She gave me a queer, side glance, but she did not insist. Naturally I didn’t stop, either.
We shot out into the open, with the windings of the pass behind, and then I turned the old car loose, and maybe we didn’t go! She wasn’t a bad sort—but I would have given a good deal, just then, if she had been the Yellow Peril stripped for a race. I could hear the others coming up, and we were doing all we could; I saw to that.
“I think they’ll catch us,” Beryl observed maliciously. “Their car is a sixty h.p. Mercedes, and this—”
“Is about a forty,” I cut in tartly, not liking the tone of her; “and just plain American make. But don’t you fret, my money’s on Uncle Sam.”
She said no more; indeed, it wasn’t easy to talk, with the wind drawing the breath right out of your lungs. She hung onto her hat, and to the seat, and she had her hands full, let me tell you.
The purr of their motor grew louder, and I didn’t like the sound of it a bit. I turned my head enough to see them slithering along close—abominably close. I glimpsed old King in the tonneau, and Weaver humped over the wheel in an unpleasantly businesslike fashion.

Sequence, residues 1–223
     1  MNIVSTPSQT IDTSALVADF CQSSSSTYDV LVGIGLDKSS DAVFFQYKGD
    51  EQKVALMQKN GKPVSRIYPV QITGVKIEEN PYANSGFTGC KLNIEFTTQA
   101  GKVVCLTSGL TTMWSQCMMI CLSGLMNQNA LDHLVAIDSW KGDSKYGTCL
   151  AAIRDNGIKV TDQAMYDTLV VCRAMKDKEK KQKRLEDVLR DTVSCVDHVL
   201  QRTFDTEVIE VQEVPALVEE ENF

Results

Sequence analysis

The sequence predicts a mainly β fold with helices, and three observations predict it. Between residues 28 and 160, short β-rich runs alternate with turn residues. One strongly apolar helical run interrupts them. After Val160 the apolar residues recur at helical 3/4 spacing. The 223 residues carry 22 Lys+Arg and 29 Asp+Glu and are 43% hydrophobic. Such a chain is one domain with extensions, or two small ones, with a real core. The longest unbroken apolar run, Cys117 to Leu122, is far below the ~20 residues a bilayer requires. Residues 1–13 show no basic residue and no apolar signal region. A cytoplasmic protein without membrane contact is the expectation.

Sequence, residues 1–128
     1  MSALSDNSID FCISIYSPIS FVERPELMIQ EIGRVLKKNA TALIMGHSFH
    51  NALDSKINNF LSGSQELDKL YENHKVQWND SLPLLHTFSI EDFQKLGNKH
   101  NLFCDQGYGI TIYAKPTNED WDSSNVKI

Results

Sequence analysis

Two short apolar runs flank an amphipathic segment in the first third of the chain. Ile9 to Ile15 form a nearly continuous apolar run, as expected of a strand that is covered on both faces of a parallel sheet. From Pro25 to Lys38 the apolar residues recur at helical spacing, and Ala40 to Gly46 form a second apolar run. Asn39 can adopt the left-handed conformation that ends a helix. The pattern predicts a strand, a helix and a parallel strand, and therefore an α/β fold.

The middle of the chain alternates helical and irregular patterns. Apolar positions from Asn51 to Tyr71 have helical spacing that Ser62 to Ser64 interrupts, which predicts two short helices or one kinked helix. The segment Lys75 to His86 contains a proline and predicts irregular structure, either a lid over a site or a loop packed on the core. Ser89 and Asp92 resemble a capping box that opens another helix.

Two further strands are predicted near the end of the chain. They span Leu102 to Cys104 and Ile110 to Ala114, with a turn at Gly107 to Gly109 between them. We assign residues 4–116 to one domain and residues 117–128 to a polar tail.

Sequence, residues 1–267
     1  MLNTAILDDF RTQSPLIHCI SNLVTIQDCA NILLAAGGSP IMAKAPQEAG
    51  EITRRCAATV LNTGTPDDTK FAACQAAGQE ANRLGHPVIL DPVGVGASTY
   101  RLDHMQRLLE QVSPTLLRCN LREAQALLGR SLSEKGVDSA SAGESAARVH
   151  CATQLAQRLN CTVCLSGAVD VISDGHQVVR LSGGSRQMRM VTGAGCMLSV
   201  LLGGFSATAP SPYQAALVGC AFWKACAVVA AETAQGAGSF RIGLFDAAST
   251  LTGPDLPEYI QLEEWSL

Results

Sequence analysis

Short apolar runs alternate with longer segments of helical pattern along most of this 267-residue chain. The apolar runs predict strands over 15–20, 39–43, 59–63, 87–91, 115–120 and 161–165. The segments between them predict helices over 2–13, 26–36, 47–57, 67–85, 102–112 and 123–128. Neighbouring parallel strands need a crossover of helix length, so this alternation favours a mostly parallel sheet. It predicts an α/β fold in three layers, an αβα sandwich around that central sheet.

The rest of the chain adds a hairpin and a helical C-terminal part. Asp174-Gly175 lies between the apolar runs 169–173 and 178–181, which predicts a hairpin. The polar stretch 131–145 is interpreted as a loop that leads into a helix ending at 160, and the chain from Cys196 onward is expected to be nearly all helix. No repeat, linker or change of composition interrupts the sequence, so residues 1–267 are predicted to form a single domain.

I humped over my own wheel and tried to coax her up a bit, as if she had been the Yellow Peril at the wind-up of a close race. For a minute I felt hopeful. Then I could tell by the sound that Weaver was crowding up.
“They’re gaining, Mr. Carleton!” Beryl’s voice had a new ring in it, and I caught my breath.
“Can you get here and take the wheel and hold her straight without slowing her?” I asked, looking straight ahead. The trail was level and not a bend in it for half a mile or so, and I thought there was a chance for us. “I’ve a notion that friend Weaver has nerves. I’m going to rattle him, if I can; but whatever happens, don’t loose your grip and spill us out. I won’t hurt them.”
Her hands came over and touched mine on the wheel. “I’ve raced a bit myself,” she said simply. “I can drive her straight.”
I wriggled out of the way and stood up, glancing down to make sure she was all right. She certainly didn’t look much like the girl who was afraid because something “made a funny noise.” I suspected that she knew a lot about motors.
A bullet clipped close. Beryl set her teeth into her lips, but grittily refrained from turning to look. I breathed freer.
“Now, don’t get scared,” I warned, balanced myself as well as I could in the swaying car, and sent a shot back at them.
Weaver came up to my expectations. He ducked, and the car swerved out of the trail and went wavering spitefully across the prairie. Old King sent another rifle-bullet my way—I must have made a fine mark, standing up there—and he was a good shot. I was mighty glad he was getting jolted enough to spoil his aim.
Weaver came to himself a bit and grabbed frantically for brake and throttle and steering-wheel all at once, it looked like. He was rattled, all right; he must have given the wheel a twist the wrong way, for their car hit a jutting rock and went up in the air like a pitching bronco, and old King sailed in a beautiful curve out of the tonneau.